SitePoint Addict tbakerisageek's Avatar
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    I could never see any benefit to using the DATETIME format in MySQL. I may have lacked a mentor to show me the way with that format.

    A few examples... As a little fun, I'd love to see your rebuttal using the DATETIME format.

    <background info>
    I've put timers on sites that display how long it has been since somthing occured or how long it will be until it occurs
    </background info>
    PHP Code:
    $now time();
    $RedSoxWonTheWorldSeries '1098932400';  //had to look it up... and convert it...

    //How long has it been since the Sox won the world series?
    $itsBeenAWhile $now $RedSoxWonTheWorldSeries;

    //We now have the number of seconds that it has been since the Sox won the World Series

    //And Minutes, hours, days, weeks...
    $minutes $itsBeenAWhile 60;
    $hours $minutes 60;
    $days $hours 24;
    $weeks $days 7;


    //   Of course the timestamp for when the Sox, or any item for that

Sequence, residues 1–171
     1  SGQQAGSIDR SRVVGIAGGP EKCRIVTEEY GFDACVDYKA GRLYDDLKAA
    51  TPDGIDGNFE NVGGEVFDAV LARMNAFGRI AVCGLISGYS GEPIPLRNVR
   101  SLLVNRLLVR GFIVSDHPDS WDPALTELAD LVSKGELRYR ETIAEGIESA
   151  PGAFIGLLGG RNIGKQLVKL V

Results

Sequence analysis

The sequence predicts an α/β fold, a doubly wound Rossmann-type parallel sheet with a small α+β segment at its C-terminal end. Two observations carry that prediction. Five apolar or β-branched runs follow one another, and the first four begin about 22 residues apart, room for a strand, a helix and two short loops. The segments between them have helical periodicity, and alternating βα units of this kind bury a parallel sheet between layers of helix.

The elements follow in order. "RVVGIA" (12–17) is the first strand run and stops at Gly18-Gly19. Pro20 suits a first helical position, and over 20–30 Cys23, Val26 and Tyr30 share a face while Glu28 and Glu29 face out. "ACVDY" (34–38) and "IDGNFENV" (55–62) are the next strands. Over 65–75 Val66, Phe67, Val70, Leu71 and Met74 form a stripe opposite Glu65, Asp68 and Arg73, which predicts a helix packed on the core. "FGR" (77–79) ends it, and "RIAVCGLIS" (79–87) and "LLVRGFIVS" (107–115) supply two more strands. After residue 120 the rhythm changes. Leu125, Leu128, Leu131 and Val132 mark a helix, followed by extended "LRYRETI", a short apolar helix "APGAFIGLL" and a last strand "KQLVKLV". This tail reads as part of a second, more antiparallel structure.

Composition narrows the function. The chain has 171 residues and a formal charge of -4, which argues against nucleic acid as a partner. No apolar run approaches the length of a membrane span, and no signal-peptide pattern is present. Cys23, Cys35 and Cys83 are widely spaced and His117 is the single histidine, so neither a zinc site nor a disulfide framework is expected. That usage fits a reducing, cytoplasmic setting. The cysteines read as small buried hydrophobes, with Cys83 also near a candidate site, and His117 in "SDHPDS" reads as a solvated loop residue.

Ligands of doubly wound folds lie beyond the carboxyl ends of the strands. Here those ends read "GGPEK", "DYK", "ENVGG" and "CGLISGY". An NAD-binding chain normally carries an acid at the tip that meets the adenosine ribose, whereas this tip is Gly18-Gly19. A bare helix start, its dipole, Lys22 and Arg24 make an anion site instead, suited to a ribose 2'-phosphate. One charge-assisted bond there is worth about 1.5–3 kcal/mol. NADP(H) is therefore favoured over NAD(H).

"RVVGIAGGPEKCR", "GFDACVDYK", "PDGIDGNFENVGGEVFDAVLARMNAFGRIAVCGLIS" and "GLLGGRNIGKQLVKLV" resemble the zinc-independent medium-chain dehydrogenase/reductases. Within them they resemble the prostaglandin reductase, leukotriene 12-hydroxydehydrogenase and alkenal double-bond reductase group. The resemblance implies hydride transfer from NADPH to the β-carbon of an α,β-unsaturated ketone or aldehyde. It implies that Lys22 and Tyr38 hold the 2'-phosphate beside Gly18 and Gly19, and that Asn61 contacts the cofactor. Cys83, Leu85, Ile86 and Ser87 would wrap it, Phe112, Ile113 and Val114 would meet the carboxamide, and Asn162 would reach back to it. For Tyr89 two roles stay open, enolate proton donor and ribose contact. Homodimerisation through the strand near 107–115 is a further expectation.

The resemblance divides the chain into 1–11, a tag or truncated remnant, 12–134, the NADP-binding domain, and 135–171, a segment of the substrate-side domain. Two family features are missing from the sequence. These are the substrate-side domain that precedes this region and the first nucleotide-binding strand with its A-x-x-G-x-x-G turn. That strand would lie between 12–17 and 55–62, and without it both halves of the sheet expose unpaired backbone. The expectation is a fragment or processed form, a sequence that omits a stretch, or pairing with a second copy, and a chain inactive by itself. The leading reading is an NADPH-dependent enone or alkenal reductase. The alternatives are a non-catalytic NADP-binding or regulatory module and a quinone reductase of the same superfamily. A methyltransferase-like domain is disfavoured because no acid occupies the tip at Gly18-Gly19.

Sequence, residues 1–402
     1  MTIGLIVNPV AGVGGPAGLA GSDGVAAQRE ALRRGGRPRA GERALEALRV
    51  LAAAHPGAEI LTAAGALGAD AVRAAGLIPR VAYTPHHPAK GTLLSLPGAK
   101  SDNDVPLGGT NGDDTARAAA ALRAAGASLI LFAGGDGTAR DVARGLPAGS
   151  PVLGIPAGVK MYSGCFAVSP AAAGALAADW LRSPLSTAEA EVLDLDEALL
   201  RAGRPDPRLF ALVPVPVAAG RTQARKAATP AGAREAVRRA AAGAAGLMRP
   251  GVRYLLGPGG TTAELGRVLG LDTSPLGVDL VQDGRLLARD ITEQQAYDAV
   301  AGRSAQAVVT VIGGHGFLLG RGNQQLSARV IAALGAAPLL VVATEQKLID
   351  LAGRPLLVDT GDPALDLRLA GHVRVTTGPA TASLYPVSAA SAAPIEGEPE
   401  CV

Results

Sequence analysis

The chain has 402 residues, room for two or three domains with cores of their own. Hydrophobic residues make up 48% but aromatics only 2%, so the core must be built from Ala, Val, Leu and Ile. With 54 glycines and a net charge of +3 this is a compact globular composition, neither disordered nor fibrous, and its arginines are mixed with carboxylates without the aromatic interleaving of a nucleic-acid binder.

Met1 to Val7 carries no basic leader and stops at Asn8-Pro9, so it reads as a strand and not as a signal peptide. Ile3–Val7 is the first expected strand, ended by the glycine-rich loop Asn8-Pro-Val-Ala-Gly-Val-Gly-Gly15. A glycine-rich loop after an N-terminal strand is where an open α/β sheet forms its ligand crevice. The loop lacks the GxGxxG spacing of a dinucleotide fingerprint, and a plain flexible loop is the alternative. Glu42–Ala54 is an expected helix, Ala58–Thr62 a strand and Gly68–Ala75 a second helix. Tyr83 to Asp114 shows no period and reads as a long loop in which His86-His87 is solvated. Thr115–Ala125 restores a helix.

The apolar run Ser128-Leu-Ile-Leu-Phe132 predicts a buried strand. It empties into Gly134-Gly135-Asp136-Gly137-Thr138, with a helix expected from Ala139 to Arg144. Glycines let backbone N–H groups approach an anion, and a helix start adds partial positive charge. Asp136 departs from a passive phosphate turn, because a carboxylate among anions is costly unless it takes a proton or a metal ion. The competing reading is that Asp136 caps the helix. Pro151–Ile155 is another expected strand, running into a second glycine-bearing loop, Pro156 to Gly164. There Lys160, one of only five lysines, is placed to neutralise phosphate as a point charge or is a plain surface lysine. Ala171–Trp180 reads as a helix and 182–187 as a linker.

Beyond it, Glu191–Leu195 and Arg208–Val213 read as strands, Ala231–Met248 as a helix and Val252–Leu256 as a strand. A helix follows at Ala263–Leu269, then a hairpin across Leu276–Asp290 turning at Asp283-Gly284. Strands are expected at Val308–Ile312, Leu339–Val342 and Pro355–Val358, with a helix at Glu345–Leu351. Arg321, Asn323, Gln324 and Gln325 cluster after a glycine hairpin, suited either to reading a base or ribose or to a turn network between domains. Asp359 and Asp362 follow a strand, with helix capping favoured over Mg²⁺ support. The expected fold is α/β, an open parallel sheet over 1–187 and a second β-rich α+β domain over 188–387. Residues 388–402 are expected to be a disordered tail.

//   matter could be stored in the DB.  I'm not retrieving it here because the 
    //   debate is not over how you'd retrieve it. 

    Next Example...

    <background info>
    Selecting all events that have happened between certain dates/times
    </background info>
    PHP Code:
    //  Use your favorite method of selecting a date and time 
    //  on a previous page and convert them to unix timestamps using your 
    //  favorite PHP method.

    //Store the result in $startTime and $endTime
    $startTime strtotime(''); //you'd convert your $_POST or $_GET data here
    $endTime strtotime('');  //and here

    //Compile query
    $query 'SELECT * FROM Table WHERE timestamp > '.$startTime.' AND timestamp < '.$endTime;

    //  The returned results will be only the times that happened